Advent: A Season of Anticipation

Rob Hoskins OneHope President

The term “Advent” is derived from the Latin word “adventus,” which means “coming” or “arrival.” It’s a season of longing, looking forward to the arrival of the Lord.


When we talk about the coming of Jesus during Advent, we encompass three dimensions of this arrival: the past coming, commemorating the incarnation of God in Jesus Christ more than 2,000 years ago; the present coming, signifying God’s entry into our lives when we choose to place our trust in Him; and the future coming, a belief in God’s upcoming return to fulfill His redemptive work and renew all things.


Why Advent Matters


Advent serves as a season of both reflection and anticipation. It reminds us of the profound need for children and youth worldwide to have access to God’s story. At OneHope, we work with local churches globally to share God’s Word with children and youth, allowing them to experience His peace, joy, love, and hope.


The Culminating Theme of Advent 

adventAs we journey through the season of Advent, we find ourselves nearing the last day, focusing on the theme of love. Love, the culminating theme of Advent, serves as the cornerstone of the divine promise made to David and his lineage. 


Let’s delve into the profound implications of God’s promise, its impact on the people of Israel, and how it culminated in the birth of Jesus, the fulfillment of God’s enduring love.


God’s love for David serves as a reflection of His love for the entire nation of Israel, and His love for Israel mirrors His boundless love for all of humanity. A pivotal moment unfolds when the Babylonian empire conquers Israel over five centuries before the era of Jesus, causing the lineage of David to lose its earthly kingdom. 


During their exile, the people of God clung to the promise made to David, contemplating whether and when God would fulfill this pledge and restore His Kingdom and King for all eternity. Even upon the return of the Jewish people to their homeland, they endured foreign occupation—from Persia to Greece to Rome—all while pondering and eagerly awaiting the fulfillment of God’s promise. For, if God’s promise remains unfulfilled, then His love, not only for David and Israel but also for the entire world, might be called into question.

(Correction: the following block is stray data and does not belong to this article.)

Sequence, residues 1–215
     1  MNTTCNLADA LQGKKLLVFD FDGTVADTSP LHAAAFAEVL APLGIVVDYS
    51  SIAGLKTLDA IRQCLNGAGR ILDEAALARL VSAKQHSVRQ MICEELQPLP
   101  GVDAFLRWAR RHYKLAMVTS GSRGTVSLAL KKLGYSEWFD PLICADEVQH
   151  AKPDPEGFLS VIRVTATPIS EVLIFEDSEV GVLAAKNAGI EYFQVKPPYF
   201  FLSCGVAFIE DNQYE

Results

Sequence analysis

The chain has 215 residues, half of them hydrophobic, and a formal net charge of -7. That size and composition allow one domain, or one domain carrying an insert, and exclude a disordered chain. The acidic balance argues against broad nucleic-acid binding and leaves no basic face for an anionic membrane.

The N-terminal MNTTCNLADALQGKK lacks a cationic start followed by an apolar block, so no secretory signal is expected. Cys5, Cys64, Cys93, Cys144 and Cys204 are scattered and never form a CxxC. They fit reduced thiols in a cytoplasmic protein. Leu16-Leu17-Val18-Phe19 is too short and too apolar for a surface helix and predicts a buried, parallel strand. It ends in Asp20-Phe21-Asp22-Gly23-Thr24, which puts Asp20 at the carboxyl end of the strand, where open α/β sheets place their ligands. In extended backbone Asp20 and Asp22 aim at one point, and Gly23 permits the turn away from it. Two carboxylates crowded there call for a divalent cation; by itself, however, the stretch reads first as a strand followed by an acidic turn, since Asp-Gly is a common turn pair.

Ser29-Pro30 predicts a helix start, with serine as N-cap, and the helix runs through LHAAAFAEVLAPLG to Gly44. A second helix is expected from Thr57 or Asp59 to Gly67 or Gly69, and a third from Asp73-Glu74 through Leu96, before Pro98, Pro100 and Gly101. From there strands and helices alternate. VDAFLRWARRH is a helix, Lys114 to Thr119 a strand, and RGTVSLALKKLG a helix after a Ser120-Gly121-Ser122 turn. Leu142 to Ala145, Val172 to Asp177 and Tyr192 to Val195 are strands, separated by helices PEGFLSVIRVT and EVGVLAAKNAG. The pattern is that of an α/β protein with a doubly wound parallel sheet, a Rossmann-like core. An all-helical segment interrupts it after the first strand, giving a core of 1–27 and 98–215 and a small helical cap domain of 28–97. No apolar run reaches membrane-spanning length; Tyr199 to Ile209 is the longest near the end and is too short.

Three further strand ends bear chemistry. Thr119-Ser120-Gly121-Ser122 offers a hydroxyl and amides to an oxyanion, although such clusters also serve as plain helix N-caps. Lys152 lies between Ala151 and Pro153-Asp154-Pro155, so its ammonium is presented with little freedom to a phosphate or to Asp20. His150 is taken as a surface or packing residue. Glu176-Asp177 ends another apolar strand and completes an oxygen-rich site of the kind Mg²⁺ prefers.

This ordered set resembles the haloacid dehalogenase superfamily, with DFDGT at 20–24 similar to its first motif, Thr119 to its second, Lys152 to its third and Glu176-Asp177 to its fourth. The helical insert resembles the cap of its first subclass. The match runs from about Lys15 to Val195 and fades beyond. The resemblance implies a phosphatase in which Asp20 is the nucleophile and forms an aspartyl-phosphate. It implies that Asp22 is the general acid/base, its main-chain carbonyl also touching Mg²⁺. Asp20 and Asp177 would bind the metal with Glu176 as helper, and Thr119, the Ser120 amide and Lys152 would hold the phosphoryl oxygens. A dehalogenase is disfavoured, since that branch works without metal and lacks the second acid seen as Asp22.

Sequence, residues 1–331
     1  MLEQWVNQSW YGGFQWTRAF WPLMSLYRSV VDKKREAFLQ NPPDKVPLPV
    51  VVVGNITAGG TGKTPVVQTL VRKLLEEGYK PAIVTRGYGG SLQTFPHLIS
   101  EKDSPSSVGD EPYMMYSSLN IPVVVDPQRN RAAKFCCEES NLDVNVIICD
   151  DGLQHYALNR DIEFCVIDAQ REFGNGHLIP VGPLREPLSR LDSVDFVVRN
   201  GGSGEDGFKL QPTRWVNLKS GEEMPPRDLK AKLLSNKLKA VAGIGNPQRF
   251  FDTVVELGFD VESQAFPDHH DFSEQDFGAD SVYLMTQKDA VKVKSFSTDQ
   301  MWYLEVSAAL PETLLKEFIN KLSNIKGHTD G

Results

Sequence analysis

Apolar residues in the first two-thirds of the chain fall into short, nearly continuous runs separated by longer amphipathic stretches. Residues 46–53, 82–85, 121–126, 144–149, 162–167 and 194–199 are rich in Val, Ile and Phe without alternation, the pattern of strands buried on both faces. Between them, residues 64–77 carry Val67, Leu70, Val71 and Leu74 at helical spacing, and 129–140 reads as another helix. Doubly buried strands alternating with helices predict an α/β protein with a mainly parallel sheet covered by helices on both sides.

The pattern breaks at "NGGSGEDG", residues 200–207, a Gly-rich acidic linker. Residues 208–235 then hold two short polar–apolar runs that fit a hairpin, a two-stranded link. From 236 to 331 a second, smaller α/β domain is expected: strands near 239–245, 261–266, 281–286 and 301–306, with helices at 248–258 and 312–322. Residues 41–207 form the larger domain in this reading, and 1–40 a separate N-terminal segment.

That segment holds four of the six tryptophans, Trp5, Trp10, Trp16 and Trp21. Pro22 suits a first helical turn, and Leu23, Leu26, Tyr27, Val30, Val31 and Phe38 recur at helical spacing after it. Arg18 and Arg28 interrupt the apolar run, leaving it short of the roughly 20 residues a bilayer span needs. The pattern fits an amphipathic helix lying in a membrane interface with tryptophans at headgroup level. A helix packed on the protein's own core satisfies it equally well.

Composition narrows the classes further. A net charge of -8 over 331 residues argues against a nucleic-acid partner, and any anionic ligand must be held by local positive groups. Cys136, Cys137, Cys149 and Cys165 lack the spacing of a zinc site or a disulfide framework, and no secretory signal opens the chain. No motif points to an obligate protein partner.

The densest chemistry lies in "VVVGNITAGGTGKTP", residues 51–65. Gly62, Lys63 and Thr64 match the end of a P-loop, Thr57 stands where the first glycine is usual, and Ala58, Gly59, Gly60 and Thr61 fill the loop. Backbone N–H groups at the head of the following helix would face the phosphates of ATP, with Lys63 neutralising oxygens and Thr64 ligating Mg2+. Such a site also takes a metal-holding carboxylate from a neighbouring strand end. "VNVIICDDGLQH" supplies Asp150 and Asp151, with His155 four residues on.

Then, one extraordinary day, an angelic visitation descends upon a humble Nazarene girl named Mary. The angel proclaims that the time has come for the son of David, who is also the Son of God, to be born. He will usher in an everlasting kingdom. 


Mary serves as a poignant symbol, representing the collective anticipation of the people of Israel. She carries within her womb the hope of Israel, the promised child, the Messiah. God’s promise is realized; His love remains steadfast, and we, like Mary, must patiently await the advent of that promised time.


During the Advent season, we align ourselves with Mary’s expectant waiting and trust in God’s unwavering love. It is a season of anticipation and hope, as we believe that God’s love, as exemplified in the birth of Jesus, transcends time and fills our lives with profound and enduring love.


Just as you will give and receive Christmas gifts, consider how you can also share the gift of Jesus with those who may not yet know Him during this Advent season. Share the light of Christ’s love with others through your actions and words. Pray for children, youth, and families worldwide to experience the love of Christ. 


Though the last day of Advent is coming soon, this time of reflection can be done over any five days during the Christmas season. Download “Advent: Celebrating Christ’s Arrival,” my free Advent devotional guide, to dive into various Scriptures, each corresponding to one of four spiritual themes of hope, peace, joy, and love. These themes guide us through a period of preparation, deepening our understanding of how we are called to await the coming of the Lord.


Access your Advent devotional at

Rob is President of OneHope. His innovative Outcome Based Ministry model and training has helped thousands of global ministries shift their paradigm and begin incorporating best practices that dramatically increase their effectiveness.

Read more by Rob Hoskins at

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